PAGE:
A recent study suggests iron status may play a role in the risk of skin and skin structure infections, with higher levels associated with a higher risk for skin infections, such as cellulitis.
“Iron is integral to many physiological processes, and variations in its levels, even within the normal range, can have implications for health,” the researchers said. They conducted a mendelian randomization study to examine the broad clinical implications of varying iron status using genetic and clinical data from the UK Biobank (N=424,439). Three genetic instruments were identified, and data were linked to the Hospital Episode Statistics (HES).
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The researchers identified 904 distinct phenotypes in their analyses. After correcting for multiple testing, they found that the 3 genetic instruments for systemic iron status demonstrated consistent evidence of a causal effect of higher iron status decreasing risk of traits related to anemia (odds ratio [OR] 0.72; 95% CI, 0.64-0.81) and hypercholesterolemia (OR 0.88; 95% CI, 0.83-0.93). However, higher iron status demonstrated increasing risk of traits related to infection of the skin and related structures, with OR of 1.25 (95% CI, 1.10-1.42) for cellulitis and abscess of the leg, they added.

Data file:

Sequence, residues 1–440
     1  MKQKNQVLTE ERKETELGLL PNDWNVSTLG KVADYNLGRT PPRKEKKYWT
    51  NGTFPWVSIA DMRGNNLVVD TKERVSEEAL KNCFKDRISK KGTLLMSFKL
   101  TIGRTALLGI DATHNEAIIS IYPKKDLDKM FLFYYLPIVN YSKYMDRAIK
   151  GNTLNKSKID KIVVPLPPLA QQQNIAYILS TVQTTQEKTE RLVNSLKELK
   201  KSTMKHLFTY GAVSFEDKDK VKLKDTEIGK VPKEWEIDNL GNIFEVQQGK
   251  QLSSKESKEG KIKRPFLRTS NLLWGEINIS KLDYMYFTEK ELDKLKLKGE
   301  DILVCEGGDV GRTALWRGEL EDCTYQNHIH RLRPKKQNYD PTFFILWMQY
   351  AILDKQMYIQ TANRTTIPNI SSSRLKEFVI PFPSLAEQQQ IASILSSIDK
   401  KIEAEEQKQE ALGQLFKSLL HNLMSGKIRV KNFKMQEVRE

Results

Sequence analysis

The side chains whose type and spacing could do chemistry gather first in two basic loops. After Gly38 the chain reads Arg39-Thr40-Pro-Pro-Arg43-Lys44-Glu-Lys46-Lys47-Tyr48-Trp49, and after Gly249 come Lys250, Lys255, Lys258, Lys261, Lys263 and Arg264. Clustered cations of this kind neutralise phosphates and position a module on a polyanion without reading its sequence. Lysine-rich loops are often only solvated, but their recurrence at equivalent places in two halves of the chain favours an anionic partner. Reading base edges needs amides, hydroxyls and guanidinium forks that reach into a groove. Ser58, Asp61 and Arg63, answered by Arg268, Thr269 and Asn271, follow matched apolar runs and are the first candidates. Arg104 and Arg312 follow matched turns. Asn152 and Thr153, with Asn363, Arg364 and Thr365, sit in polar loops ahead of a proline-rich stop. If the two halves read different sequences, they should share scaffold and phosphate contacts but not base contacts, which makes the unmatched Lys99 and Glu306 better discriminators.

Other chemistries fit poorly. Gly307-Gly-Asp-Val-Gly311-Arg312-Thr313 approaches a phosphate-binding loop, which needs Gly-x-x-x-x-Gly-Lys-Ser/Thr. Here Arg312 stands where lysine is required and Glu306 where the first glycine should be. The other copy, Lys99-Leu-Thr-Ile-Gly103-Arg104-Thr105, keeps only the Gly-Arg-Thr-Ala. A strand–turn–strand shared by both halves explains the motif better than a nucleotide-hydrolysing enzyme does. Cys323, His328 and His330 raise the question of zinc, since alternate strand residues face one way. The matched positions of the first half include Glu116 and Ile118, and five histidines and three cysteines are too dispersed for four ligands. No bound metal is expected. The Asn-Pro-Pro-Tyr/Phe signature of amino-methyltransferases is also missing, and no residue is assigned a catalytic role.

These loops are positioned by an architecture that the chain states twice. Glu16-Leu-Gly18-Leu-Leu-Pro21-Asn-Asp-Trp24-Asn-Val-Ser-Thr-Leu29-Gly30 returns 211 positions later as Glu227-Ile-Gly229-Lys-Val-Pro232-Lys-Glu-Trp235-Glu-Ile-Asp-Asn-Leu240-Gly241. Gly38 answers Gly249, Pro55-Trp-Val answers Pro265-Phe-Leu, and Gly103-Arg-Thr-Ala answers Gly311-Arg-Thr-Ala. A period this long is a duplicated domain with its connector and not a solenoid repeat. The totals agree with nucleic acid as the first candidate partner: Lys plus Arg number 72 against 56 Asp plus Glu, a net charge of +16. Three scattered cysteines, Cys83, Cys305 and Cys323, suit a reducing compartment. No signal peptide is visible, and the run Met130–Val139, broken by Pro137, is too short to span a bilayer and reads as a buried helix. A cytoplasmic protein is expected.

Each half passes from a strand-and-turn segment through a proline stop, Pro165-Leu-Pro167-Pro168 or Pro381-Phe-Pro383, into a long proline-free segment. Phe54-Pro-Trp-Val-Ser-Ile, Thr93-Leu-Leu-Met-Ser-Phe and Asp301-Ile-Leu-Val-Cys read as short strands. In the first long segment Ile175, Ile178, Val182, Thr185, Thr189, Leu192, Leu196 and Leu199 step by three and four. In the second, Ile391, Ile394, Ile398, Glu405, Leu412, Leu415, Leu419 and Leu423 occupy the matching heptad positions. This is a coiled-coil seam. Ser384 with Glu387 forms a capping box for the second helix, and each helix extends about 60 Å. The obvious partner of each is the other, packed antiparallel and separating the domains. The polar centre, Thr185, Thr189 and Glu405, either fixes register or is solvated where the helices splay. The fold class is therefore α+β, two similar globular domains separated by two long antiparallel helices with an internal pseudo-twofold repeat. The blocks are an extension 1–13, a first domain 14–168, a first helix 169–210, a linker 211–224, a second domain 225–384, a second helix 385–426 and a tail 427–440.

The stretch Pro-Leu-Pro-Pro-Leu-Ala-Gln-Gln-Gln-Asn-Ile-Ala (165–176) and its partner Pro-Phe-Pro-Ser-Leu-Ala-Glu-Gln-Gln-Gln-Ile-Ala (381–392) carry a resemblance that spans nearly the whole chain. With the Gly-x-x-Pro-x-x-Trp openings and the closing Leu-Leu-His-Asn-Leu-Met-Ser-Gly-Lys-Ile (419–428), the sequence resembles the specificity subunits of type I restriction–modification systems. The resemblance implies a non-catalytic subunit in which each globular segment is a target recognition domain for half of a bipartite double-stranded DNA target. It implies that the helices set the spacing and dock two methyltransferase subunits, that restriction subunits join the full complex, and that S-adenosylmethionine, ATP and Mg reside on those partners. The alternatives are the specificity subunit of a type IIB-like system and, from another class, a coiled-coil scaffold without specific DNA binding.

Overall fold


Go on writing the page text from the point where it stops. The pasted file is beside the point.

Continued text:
“Our findings offer novel, to our knowledge, insight into previously unreported effects of iron status, highlighting a potential protective effect of higher iron status on hypercholesterolemia and a detrimental role on risk of skin and skin structure infections,” the researchers concluded. “Given the modifiable and variable nature of iron status, these findings warrant further investigation.”
According to the researchers, the main limitations of the study included the possible bias from pleiotropic effects of the considered genetic variants and misclassification of diagnoses in the HES data and only using data of participants with European ancestry.
Gill D, Benyamin B, Moore LSP, et al. Associations of genetically determined iron status across the phenome: A mendelian randomization study [published online June 20, 2019]. PLoS Med. doi:10.1371/journal.pmed.1002833